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National Senior's Strategy

Nicole Fisher
Nicole Fisher, MPP, PhD, is the founder and chief executive officer at HHR Strategies, a health care and human rights focused advising firm. Additionally, she is a senior policy advisor and expert on health economics, technology, and reform, specifically as they affect vulnerable populations. Nicole runs a health innovation and policy page at Forbes, highlighting and advising companies, ideas, and people that are changing the health landscape. She also is currently pursuing her PhD at the University of North Carolina in the Health Policy and Management Department...
February 2017: Surgery
Gade Waqa, Colin Bell, Wendy Snowdon, Marj Moodie
BACKGROUND: There is limited research on the use of evidence to inform policy-making in the Pacific. This study aims to identify and describe factors that facilitate or limit the use of evidence in food-related policy-making in the Health and Agriculture Ministries in Fiji. METHODS: Semi-structured face-to-face interviews were conducted with selected policy-makers in two government ministries that were instrumental in the development of food-related policies in Fiji designed to prevent Non-Communicable Diseases (NCDs)...
January 9, 2017: BMC Public Health
Connie A Haley, Sten H Vermund, Precious Moyo, Aaron M Kipp, Bernard Madzima, Trevor Kanyowa, Teshome Desta, Kasonde Mwinga, Marie A Brault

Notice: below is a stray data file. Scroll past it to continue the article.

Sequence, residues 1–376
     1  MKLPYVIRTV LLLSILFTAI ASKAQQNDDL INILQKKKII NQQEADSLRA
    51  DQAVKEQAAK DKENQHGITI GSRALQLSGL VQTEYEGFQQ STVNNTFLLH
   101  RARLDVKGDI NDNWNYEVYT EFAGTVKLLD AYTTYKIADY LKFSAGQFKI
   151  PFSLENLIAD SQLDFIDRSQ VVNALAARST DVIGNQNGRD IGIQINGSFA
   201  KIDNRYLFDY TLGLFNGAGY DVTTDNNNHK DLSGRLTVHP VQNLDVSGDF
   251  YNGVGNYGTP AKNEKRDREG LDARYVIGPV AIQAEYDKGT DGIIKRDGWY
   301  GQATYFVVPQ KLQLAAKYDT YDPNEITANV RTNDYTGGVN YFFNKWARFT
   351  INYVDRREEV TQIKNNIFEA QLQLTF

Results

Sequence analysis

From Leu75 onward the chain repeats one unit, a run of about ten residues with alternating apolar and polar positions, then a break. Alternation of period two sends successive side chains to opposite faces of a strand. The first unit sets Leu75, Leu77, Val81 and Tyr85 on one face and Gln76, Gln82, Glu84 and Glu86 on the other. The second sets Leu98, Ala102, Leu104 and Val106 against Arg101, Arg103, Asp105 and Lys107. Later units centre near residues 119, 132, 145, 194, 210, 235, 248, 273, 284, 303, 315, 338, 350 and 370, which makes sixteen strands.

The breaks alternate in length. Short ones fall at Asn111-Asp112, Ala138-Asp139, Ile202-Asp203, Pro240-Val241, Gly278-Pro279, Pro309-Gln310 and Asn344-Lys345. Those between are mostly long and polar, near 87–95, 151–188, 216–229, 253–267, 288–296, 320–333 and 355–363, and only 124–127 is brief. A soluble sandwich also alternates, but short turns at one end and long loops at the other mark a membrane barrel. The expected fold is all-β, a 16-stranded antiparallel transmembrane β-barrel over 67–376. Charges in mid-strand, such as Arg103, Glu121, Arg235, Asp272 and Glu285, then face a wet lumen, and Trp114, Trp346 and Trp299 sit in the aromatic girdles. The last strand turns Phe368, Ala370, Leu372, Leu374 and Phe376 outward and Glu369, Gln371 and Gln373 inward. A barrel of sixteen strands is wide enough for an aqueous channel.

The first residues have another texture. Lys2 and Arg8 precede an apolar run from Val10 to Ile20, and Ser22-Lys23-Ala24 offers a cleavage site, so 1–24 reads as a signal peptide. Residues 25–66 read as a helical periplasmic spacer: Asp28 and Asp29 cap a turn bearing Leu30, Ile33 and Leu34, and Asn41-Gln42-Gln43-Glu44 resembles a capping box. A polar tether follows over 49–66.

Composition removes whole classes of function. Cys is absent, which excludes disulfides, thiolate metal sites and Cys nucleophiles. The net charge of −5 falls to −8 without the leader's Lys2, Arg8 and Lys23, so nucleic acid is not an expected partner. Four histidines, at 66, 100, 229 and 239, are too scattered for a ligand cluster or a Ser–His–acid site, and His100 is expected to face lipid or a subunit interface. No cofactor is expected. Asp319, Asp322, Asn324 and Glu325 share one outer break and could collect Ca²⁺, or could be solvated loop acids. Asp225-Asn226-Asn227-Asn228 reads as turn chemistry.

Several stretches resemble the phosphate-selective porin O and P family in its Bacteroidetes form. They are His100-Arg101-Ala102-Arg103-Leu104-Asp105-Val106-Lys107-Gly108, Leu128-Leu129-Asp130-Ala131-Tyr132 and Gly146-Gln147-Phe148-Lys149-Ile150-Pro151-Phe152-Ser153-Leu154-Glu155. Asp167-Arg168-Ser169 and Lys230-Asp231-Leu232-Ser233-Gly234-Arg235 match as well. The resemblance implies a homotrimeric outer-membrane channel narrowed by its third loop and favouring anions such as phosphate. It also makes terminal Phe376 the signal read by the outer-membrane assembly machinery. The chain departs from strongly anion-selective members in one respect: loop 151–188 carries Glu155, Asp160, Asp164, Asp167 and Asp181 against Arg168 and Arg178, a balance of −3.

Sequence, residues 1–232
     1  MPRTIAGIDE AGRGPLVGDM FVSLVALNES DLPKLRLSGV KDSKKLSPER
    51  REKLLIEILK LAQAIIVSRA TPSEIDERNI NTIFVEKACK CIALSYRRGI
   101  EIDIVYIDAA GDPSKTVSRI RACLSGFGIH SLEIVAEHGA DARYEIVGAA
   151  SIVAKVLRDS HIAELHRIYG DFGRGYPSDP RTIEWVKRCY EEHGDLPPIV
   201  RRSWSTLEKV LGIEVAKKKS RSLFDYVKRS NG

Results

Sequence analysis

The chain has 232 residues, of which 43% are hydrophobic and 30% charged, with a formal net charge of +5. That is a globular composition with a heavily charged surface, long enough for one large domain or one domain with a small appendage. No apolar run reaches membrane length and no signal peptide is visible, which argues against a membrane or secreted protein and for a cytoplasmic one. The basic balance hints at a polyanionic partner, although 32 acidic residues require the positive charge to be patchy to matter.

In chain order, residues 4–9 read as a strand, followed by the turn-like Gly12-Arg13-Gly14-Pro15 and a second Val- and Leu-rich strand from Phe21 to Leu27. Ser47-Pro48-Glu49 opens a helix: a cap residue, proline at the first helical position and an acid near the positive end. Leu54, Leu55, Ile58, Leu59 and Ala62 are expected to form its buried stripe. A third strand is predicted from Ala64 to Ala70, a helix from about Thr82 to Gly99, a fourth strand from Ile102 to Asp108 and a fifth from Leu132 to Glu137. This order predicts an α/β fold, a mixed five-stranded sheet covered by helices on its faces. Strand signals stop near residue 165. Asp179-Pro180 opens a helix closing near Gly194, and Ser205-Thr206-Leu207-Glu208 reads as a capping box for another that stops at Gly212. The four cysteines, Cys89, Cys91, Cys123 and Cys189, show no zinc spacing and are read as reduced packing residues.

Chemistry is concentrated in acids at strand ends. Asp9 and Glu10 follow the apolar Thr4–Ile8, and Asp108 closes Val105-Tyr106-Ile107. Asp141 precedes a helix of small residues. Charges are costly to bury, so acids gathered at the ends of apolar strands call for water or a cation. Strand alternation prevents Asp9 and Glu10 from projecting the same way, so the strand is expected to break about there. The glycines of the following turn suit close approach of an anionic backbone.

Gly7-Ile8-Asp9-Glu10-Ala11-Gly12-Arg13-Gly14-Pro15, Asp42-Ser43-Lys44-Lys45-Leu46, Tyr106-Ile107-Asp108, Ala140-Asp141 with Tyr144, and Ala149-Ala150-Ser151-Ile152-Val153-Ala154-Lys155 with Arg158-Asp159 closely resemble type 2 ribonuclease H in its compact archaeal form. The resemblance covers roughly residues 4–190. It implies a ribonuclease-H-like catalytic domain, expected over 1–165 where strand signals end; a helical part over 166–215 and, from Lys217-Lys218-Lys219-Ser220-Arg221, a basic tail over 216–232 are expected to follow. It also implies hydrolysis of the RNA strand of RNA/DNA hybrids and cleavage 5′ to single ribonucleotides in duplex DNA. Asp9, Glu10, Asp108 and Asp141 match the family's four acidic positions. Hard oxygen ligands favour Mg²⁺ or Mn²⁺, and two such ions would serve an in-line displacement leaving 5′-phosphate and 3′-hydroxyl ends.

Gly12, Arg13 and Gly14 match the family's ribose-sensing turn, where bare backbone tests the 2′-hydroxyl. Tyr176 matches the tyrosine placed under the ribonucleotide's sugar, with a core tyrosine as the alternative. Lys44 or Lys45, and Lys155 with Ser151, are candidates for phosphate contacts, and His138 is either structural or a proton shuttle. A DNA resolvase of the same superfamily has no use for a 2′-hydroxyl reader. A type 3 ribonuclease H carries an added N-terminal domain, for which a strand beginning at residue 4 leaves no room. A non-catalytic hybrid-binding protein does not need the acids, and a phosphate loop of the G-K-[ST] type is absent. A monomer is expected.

Despite notable progress reducing global under-five mortality rates, insufficient progress in most sub-Saharan African nations has prevented the achievement of Millennium Development Goal four (MDG#4) to reduce under-five mortality by two-thirds between 1990 and 2015. Country-level assessments of factors underlying why some African countries have not been able to achieve MDG#4 have not been published. Zimbabwe was included in a four-country study examining barriers and facilitators of under-five survival between 2000 and 2013 due to its comparatively slow progress towards MDG#4...
January 7, 2017: Health Policy and Planning
You Joung Kim, Hoyoung An, Binna Kim, Young Shin Park, Ki Woong Kim
Over 40% of people with dementia drive, with a two to five times greater accident risk than controls. This has fueled public concerns about the risk of traffic accidents by drivers with dementia (DWD). We compared driving regulations on seniors and DWD between ten European and Asia-Pacific countries to identify key implications for national strategies. Moderate to severe dementia was a reason for driver's license revocation in all countries. However, regulations on mild dementia varied considerably, with most basing their decisions on severity, rather than simply the presence of dementia...
December 3, 2017: Journal of Alzheimer's Disease: JAD
Amy Caron, William T Gallo, Laura L Durbin, Thelma J Mielenz
OBJECTIVES: The objective of this study was to examine the potential relationship between different forms of complementary and alternative medicine (CAM) use and falls among older adults in New York City (NYC). DESIGN: This cross-sectional study of data from the NYC Health Indicators Project survey used modified questionnaire items from several national surveys. SETTINGS: Participants were recruited from 56 senior centers located in the 5 boroughs of NYC...
January 2017: Journal of Alternative and Complementary Medicine: Research on Paradigm, Practice, and Policy
Mustafa Z Younis